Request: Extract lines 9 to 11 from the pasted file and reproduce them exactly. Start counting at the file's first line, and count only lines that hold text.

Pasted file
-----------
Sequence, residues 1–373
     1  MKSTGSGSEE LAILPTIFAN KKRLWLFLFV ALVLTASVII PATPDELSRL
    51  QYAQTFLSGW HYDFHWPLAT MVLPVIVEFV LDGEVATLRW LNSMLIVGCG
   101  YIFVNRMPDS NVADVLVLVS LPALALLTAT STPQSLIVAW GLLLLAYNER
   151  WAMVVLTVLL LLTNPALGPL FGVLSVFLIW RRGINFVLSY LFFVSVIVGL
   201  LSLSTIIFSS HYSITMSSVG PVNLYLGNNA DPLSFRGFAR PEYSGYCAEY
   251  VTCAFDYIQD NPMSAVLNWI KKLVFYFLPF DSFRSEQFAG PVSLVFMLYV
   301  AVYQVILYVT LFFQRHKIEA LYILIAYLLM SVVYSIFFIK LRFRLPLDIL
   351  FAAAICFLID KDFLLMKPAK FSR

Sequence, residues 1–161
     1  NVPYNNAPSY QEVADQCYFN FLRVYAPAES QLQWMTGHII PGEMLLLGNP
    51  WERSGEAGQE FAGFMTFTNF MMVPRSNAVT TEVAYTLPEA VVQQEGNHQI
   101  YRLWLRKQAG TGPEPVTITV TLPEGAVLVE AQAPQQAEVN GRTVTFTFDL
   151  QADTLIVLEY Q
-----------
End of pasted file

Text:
   351  FAAAICFLID KDFLLMKPAK FSR

Sequence, residues 1–161
     1  NVPYNNAPSY QEVADQCYFN FLRVYAPAES QLQWMTGHII PGEMLLLGNP